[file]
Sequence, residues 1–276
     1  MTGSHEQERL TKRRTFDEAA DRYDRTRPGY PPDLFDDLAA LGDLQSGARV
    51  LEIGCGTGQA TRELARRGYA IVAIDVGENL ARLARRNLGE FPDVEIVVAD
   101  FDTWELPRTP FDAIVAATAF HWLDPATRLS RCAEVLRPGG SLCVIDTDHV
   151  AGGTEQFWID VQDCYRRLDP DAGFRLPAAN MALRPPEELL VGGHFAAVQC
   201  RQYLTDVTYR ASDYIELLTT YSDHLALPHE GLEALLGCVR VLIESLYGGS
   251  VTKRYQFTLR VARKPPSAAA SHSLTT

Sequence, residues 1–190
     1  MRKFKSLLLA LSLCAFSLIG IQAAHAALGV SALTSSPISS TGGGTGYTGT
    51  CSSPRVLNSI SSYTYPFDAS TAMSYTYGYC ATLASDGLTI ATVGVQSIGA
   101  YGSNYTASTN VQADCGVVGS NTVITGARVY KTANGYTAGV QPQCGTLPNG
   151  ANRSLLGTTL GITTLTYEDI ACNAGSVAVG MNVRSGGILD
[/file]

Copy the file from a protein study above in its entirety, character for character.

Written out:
Sequence, residues 1–276
     1  MTGSHEQERL TKRRTFDEAA DRYDRTRPGY PPDLFDDLAA LGDLQSGARV
    51  LEIGCGTGQA TRELARRGYA IVAIDVGENL ARLARRNLGE FPDVEIVVAD
   101  FDTWELPRTP FDAIVAATAF HWLDPATRLS RCAEVLRPGG SLCVIDTDHV
   151  AGGTEQFWID VQDCYRRLDP DAGFRLPAAN MALRPPEELL VGGHFAAVQC
   201  RQYLTDVTYR ASDYIELLTT YSDHLALPHE GLEALLGCVR VLIESLYGGS
   251  VTKRYQFTLR VARKPPSAAA SHSLTT

Sequence, residues 1–190
     1  MRKFKSLLLA LSLCAFSLIG IQAAHAALGV SALTSSPISS TGGGTGYTGT
    51  CSSPRVLNSI SSYTYPFDAS TAMSYTYGYC ATLASDGLTI ATVGVQSIGA
   101  YGSNYTASTN VQADCGVVGS NTVITGARVY KTANGYTAGV QPQCGTLPNG
   151  ANRSLLGTTL GITTLTYEDI ACNAGSVAVG MNVRSGGILD